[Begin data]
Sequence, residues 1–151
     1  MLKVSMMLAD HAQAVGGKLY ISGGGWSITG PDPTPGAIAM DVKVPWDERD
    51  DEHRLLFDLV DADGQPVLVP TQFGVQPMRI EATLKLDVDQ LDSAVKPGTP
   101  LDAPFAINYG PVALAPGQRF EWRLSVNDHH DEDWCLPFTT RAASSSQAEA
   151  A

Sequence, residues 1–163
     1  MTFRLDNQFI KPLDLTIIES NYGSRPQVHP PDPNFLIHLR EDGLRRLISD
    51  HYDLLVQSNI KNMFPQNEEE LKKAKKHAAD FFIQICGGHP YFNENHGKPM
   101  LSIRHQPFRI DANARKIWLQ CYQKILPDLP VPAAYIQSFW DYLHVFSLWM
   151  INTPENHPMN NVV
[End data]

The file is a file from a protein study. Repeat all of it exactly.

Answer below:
Sequence, residues 1–151
     1  MLKVSMMLAD HAQAVGGKLY ISGGGWSITG PDPTPGAIAM DVKVPWDERD
    51  DEHRLLFDLV DADGQPVLVP TQFGVQPMRI EATLKLDVDQ LDSAVKPGTP
   101  LDAPFAINYG PVALAPGQRF EWRLSVNDHH DEDWCLPFTT RAASSSQAEA
   151  A

Sequence, residues 1–163
     1  MTFRLDNQFI KPLDLTIIES NYGSRPQVHP PDPNFLIHLR EDGLRRLISD
    51  HYDLLVQSNI KNMFPQNEEE LKKAKKHAAD FFIQICGGHP YFNENHGKPM
   101  LSIRHQPFRI DANARKIWLQ CYQKILPDLP VPAAYIQSFW DYLHVFSLWM
   151  INTPENHPMN NVV